By Jen Nevans

Managing editor Jen Nevans has more than a decade of editorial experience. She is an award-winning writer and editor, receiving numerous accolades for her published articles. Jen is eager to join the eVTOL.com team and cover this exciting and growing industry.

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Electra.aero aims to start flight testing its full-scale eSTOL aircraft prototype this year

Electra.aero, the developers of a hybrid-electric STOL, said it is on track to start flight testing its full-scale demonstrator aircraft later this year, bolstered by a recent financial investment from Lockheed Martin Ventures (LMV).

Electra.aero
Electra.aero, the developers a hybrid-electric STOL aircraft, is targeting its first flight test of a full-scale model later this year. The company recently received financial support from Lockheed Martin Ventures to help it enter this next stage of development. Electric.aero Image

John Langford, founder and CEO of Electra, told eVTOL.com that while the company would not disclose the funds raised to date, this recent funding announcement will give the eSTOL developer the boost it would need to build a full-scale prototype and take off for the first time at one of its locations in Virginia or South Carolina in the second half of 2022.

“To date, we’ve been focusing on the hybrid-electric propulsion system development, which is a fairly sophisticated piece of equipment that has the turbo generator, batteries, motors — all of the control systems,” Langford said. “Now we’re using the Lockheed money to get that into the aircraft and start flying it.”

Electra is developing a hybrid-electric STOL, which it claims will be able to take off and land on runways as short as 300 feet (91 meters) using its distributed electric propulsion and blown lift technology, where the electric motor-driven propellers blow air over the entire span of the wing and its flaps.

The aircraft will include a small turbine-powered generator that can recharge the batteries mid-flight, removing the burden of having to establish new ground charging infrastructure.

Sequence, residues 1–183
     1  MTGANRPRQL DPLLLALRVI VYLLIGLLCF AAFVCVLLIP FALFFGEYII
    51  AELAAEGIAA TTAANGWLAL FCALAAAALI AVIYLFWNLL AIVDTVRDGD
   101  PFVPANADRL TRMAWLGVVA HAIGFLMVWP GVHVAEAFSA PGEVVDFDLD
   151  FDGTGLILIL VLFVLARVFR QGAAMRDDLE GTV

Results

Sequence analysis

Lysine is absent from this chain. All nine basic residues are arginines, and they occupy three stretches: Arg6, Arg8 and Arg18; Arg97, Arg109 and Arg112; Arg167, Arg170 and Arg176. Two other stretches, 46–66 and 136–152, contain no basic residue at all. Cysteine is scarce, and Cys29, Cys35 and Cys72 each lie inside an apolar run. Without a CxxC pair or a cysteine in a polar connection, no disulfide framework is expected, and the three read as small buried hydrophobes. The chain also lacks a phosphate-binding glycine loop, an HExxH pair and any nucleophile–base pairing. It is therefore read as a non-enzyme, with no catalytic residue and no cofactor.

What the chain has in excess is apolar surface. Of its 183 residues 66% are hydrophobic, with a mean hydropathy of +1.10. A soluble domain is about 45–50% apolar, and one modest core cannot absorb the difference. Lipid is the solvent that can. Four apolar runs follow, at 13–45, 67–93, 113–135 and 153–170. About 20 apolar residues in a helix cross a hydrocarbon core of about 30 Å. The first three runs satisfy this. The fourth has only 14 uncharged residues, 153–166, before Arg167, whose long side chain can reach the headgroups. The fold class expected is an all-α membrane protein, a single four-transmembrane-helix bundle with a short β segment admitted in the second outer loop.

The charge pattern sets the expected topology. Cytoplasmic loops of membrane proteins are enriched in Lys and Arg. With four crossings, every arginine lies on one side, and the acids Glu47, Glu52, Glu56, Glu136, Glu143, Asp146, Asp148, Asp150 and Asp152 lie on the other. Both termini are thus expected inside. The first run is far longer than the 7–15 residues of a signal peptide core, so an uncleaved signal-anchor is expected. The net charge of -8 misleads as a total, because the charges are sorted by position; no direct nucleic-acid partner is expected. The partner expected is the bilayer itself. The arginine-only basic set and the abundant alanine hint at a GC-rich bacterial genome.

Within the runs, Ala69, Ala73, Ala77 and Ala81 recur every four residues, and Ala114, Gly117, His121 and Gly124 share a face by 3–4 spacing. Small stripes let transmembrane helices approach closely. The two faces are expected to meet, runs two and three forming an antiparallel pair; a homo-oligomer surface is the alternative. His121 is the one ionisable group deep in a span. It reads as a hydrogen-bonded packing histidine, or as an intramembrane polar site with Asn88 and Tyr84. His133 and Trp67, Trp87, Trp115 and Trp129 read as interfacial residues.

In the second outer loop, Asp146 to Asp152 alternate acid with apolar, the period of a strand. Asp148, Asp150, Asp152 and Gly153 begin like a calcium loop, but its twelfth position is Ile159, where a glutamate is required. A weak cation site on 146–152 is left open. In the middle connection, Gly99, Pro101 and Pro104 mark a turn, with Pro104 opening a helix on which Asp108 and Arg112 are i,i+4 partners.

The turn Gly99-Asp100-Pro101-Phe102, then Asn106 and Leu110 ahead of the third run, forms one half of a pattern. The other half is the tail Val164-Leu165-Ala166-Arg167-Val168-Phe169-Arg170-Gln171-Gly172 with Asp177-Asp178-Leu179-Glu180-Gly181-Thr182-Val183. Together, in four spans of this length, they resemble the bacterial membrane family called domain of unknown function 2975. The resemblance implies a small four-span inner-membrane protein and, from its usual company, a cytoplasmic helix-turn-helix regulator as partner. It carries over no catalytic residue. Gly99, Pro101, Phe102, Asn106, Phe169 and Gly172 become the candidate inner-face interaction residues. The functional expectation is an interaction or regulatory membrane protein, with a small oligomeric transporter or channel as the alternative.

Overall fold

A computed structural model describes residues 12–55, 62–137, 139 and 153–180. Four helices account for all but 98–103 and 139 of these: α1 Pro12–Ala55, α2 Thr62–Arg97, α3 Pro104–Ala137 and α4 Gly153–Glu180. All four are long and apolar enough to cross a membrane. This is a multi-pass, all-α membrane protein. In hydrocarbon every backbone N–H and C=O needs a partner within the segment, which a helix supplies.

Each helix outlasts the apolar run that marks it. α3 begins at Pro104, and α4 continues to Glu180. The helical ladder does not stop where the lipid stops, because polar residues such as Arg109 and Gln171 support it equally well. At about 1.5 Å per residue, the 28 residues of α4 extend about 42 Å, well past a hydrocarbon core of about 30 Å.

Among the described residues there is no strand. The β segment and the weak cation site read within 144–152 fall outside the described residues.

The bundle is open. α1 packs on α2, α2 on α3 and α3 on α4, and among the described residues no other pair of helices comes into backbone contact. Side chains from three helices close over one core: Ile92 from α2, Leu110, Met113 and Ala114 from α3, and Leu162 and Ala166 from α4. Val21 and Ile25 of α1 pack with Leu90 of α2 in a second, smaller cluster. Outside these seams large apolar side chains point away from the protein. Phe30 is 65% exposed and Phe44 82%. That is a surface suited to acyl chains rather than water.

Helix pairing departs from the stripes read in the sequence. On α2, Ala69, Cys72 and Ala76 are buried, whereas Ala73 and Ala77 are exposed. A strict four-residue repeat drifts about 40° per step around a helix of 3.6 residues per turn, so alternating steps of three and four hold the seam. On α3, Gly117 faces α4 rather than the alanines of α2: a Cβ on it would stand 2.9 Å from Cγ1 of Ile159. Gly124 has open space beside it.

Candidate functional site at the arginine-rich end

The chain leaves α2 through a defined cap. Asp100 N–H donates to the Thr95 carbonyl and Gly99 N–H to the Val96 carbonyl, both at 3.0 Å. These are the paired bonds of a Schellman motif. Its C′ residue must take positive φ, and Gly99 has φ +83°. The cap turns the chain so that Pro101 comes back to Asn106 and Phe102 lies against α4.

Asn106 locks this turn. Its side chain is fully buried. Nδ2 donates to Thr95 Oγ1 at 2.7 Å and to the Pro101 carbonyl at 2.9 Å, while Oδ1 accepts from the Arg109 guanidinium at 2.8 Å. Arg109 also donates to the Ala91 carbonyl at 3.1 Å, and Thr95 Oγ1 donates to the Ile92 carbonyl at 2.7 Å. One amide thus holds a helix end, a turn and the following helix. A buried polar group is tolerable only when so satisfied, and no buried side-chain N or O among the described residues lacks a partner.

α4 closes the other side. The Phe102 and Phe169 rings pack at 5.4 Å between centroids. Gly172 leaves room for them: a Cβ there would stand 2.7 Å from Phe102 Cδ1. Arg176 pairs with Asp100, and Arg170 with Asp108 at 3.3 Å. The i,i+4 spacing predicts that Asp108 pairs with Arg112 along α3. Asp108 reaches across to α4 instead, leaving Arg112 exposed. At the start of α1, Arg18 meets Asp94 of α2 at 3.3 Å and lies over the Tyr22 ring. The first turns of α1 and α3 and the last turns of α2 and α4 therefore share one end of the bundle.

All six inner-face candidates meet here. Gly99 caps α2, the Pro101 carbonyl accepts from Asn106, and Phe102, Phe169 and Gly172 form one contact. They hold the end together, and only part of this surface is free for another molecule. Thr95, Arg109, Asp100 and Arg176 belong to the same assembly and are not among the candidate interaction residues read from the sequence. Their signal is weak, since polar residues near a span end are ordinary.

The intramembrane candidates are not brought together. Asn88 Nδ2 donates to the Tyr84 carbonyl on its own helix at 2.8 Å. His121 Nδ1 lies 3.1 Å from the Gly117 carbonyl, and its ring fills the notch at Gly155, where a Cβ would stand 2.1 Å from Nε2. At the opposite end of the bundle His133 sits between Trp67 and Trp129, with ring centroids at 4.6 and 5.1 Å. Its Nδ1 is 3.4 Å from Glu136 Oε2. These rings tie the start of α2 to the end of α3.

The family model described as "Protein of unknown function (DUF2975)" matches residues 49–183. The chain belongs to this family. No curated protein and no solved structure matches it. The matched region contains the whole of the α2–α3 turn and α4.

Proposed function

Langford told eVTOL.com that the aircraft would be able to land and depart at speeds below 30 miles per hour (48 kilometers per hour) and cruise at up to 200 mph (320 km/h). The eSTOL can transport up to 1,800 pounds (815 kilograms) of cargo, or seven to nine passengers up to 500 miles (800 kilometers).

Electra is targeting certification with the U.S. Federal Aviation Administration by 2026, under the agency’s Part 23 rules for small airplanes. Once certified, the company said its potential applications include on-demand intracity flights, medical missions, cargo transportation, and scheduled passenger service.

The funding boost from LMV is the latest in a series of developments for the eSTOL developer. Last summer, helicopter operator Bristow Group announced a partnership with Electra to become its principal launch customer. Through the agreement, Electra anticipates delivering around 50 aircraft to Bristow to use in existing and new markets, including middle mile logistics for retail distribution.

Last year, Electra also forged partnerships that would see it enter the European, Latin American, and Australian markets. The deal with Flyv, an on-demand air mobility airline in Europe, includes up to 100 pre-orders of Electra’s aircraft. Meanwhile, its partnerships with Flapper, an on-demand private aviation platform in Latin America, and Skyportz, an advanced air mobility infrastructure developer in Australia, resulted in pre-orders of up to 30 and 100 eSTOL aircraft respectively.  

“To me, the big value of these [partnerships] is they build customer relationships and they involve customers in the early stages of the detailed design,” Langford said. “We went through the systems requirement review for our product in early December. That was based heavily on the input that we received from the early adopters we’ve been working with, such as Bristow.”

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